4. Alright, I guess…
    So there wasn’t much to this. It looked interesting, if ypu followed it up. But you didn’t. It isn’t bad, in fact it’s good, but you just didn’t follow it up.

  5. *cracks neck* Let’s do this.
    … *trips over rock*

    First mistake! “Fear of little, orbs of colour.” Ah, you see, the word “little” here is describing the orbs of color. Because there is only one adjective, there need not be a comma between it and the noun.

    Second mistake — “Don’t worry, they can’t hurt you.” The first independent clause in this run-on sentence is “Don’t worry.” This is a sentence all on its own because the subject is “you” (implied) and the predicate is “worry.” “They can’t hurt you” is another independent clause that must be disconnected from the first SOMEHOW.

    An independent clause has a subject and a predicate and can stand alone. The simple subject and predicate, otherwise referred to as the noun or pronoun and verb in the sentence, can be stripped out. If you can’t, then you’re doing it wrong.
    A dependent clause has a subject and a predicate, but begins with either a conjunction (subordinating or coordinating) or a relative pronoun, which renders it a fragment. It is not a complete sentence. It cannot stand alone.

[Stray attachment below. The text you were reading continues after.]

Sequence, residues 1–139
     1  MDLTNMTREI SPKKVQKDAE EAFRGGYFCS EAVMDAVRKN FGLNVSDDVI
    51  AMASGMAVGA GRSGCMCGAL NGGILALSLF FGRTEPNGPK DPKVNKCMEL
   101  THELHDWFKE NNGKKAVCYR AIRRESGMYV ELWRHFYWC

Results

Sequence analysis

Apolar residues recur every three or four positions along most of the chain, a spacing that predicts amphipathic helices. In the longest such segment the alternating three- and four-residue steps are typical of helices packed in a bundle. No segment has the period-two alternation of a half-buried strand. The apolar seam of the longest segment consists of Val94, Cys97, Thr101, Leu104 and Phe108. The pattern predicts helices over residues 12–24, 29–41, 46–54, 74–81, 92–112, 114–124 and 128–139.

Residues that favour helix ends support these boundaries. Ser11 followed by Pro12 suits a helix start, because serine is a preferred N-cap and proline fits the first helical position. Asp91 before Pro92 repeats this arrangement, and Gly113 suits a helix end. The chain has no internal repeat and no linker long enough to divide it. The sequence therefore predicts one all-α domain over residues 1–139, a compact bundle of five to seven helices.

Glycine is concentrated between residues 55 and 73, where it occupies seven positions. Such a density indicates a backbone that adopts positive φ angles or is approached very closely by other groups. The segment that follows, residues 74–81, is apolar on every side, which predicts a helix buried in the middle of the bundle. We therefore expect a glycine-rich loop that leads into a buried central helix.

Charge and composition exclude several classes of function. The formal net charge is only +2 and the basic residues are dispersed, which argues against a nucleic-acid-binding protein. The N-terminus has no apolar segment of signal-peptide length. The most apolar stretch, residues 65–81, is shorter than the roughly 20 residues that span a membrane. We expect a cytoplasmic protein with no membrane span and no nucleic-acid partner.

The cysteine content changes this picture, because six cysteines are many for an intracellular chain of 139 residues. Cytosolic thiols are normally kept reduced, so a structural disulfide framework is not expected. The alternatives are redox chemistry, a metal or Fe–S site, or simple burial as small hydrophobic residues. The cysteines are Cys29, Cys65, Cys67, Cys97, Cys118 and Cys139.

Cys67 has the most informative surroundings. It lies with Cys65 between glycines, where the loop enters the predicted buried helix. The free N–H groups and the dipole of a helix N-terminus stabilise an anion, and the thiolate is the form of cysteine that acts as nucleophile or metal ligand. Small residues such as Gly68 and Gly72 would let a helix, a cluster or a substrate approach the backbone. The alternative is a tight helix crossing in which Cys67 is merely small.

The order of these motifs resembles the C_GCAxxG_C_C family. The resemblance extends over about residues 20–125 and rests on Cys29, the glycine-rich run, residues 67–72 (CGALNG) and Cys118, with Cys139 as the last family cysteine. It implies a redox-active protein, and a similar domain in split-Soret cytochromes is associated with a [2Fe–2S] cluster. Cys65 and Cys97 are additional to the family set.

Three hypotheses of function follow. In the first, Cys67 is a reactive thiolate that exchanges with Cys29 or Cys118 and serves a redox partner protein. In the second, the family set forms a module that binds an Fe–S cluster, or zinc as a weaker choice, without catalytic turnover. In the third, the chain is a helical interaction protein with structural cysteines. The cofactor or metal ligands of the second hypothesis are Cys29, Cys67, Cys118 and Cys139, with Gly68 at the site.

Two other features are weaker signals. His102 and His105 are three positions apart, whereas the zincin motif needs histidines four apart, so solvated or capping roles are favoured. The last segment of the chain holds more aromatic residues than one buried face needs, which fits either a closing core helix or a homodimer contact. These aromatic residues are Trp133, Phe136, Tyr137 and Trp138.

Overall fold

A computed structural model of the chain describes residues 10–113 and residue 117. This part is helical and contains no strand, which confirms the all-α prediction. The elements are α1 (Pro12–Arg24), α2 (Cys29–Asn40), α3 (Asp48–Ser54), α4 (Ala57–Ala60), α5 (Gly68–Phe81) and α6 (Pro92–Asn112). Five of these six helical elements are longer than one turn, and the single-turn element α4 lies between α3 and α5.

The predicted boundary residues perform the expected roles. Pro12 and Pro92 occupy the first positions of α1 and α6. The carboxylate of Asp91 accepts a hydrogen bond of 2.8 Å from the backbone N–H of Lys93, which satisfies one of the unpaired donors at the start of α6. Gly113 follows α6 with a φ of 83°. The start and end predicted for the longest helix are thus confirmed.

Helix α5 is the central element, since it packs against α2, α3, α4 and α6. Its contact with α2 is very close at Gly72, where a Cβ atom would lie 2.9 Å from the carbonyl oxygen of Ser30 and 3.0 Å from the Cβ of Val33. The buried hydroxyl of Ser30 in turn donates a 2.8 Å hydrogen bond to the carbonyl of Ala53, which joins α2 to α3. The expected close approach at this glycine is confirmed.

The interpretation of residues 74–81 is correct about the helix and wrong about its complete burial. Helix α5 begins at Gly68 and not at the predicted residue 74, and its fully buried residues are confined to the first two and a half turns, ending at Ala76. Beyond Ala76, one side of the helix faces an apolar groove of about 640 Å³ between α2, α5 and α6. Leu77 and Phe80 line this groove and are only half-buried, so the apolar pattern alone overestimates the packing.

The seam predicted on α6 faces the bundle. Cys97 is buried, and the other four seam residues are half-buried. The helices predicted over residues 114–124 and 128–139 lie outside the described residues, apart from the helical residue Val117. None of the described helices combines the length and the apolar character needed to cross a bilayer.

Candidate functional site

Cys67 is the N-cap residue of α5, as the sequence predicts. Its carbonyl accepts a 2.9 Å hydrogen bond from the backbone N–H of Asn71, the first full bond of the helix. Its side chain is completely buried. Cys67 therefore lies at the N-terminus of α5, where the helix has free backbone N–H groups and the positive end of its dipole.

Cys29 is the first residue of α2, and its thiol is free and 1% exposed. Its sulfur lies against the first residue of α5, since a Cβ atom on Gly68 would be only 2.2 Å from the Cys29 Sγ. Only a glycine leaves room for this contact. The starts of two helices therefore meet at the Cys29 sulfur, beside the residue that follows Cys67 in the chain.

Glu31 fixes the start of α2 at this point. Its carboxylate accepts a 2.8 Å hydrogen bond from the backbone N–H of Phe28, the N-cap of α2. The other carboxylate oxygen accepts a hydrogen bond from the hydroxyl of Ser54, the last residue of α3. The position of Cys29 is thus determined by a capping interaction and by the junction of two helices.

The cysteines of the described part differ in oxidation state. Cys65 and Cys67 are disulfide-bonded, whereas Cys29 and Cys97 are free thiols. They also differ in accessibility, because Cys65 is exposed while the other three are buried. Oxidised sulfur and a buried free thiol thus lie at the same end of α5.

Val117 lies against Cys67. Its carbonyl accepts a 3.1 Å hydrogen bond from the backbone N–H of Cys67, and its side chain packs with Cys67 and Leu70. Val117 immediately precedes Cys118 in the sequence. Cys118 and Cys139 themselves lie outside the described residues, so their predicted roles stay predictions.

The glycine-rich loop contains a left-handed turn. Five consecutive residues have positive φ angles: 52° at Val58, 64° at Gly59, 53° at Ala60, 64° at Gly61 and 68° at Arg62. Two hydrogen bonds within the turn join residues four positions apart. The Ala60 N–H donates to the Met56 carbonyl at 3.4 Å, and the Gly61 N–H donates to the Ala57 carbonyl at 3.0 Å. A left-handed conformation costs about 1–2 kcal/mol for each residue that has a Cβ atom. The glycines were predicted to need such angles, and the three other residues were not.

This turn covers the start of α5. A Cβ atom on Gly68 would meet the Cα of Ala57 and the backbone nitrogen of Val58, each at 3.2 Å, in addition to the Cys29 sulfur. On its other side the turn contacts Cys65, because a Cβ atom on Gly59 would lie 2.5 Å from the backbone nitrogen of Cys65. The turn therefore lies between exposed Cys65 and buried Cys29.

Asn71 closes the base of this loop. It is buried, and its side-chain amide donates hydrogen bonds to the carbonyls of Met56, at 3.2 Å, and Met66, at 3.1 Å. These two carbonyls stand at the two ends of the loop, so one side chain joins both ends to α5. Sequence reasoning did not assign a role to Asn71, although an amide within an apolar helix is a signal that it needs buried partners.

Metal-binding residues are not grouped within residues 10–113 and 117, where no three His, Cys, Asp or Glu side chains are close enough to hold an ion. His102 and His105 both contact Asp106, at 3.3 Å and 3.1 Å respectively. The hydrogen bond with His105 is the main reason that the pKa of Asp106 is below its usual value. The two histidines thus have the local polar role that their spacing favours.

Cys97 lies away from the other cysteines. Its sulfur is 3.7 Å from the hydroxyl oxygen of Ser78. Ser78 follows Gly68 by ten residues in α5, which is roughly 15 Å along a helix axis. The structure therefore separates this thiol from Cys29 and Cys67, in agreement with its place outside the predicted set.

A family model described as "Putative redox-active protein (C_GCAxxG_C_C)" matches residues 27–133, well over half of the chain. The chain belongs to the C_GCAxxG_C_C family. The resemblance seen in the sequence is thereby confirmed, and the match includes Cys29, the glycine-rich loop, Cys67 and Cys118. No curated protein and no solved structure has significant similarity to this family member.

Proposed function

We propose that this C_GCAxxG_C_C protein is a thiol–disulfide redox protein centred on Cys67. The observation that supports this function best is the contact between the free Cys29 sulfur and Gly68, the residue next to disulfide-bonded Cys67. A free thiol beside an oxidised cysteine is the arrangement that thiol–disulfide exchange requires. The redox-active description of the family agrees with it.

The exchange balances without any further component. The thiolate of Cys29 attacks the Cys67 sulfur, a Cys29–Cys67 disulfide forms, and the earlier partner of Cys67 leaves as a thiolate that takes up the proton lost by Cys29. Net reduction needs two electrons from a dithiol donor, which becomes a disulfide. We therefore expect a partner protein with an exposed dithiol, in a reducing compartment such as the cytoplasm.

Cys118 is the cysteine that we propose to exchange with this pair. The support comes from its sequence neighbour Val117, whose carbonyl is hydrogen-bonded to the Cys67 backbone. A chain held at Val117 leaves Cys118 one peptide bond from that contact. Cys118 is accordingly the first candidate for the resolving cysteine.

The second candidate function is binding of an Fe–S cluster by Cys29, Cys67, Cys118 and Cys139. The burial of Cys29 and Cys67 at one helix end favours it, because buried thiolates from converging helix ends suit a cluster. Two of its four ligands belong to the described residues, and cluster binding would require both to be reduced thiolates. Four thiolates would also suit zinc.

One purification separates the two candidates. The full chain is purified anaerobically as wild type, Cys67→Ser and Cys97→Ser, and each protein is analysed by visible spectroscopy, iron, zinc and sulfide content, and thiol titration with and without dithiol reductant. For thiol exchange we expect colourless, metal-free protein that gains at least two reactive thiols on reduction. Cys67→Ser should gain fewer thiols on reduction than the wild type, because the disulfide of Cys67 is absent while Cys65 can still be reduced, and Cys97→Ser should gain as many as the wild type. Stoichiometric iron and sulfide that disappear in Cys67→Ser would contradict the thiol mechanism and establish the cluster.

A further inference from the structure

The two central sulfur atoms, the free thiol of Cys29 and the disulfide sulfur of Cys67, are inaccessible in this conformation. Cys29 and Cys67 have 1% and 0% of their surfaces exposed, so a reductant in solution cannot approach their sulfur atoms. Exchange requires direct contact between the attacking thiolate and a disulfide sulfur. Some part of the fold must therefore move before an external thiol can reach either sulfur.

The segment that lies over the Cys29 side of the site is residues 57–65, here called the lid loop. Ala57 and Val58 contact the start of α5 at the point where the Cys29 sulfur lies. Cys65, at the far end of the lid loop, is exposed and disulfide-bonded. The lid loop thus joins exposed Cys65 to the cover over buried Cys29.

A phrase lacks a subject, a predicate, or both.
    Sentences can contain independent clauses, dependent clauses, and phrases, but it must always contain one independent clause. There is only ever more than one independent clause in a sentence when they are separated by a semicolon, a colon, or a hyphen. If they are not separated by a semicolon, then it is rendered a run-on sentence. Run-ons can be fixed in four ways – they can be separated by a semicolon if the independent clauses are VERY CLOSELY RELATED, they can be connected with a subordinating or coordinating conjunction, or you could go old-school and put a period between them. Simple as that.

    “Is that a reassurance, or a threat, or a taunt?” Not fluent. Eliminate the commas.

    “Remembering the rim of the tub suddenly morphing into flesh…” This is a participial phrase, a fragment. I know that you purposely left it incomplete, but it would sound less awkward if you used “remembers” intead of “remembering.”

    Other than that… the whole thing seems strange, awkward. Slightly disturbing. Needs more detail, more of a backstory, I suppose. I’m just generally confused as well, but it works nicely as a drabble.

    ~WE, out

  6. the huntress (or tress) January 8th, 2012 at 10:17 pm 6

    hmmm… random! though nice. i like the little old ladies at the end. I could imagine this scene perfectly. All problems were kinda covered by WE, soo… refer to top. 🙂
    ……. NO! not the soapy water!!!( as I load the dishwasher)…. i will never see it the same again….. scarred for life…

  7. LEPofficerHollyShort February 19th, 2012 at 7:51 am 7

    *ahem* it was a little confusing, but i all never look at my tub in the same way eevvveeerr. oh and * pouring soapy water on the huntress(or trees)* mwaha haha

  8. *applauds* Very nice, very nice! I loved it! I don’t know why everyone else is saying it’s hard to understand(not enough creepypasta in their diets?), or maybe I’m just weird. Whatever, this was wonderful!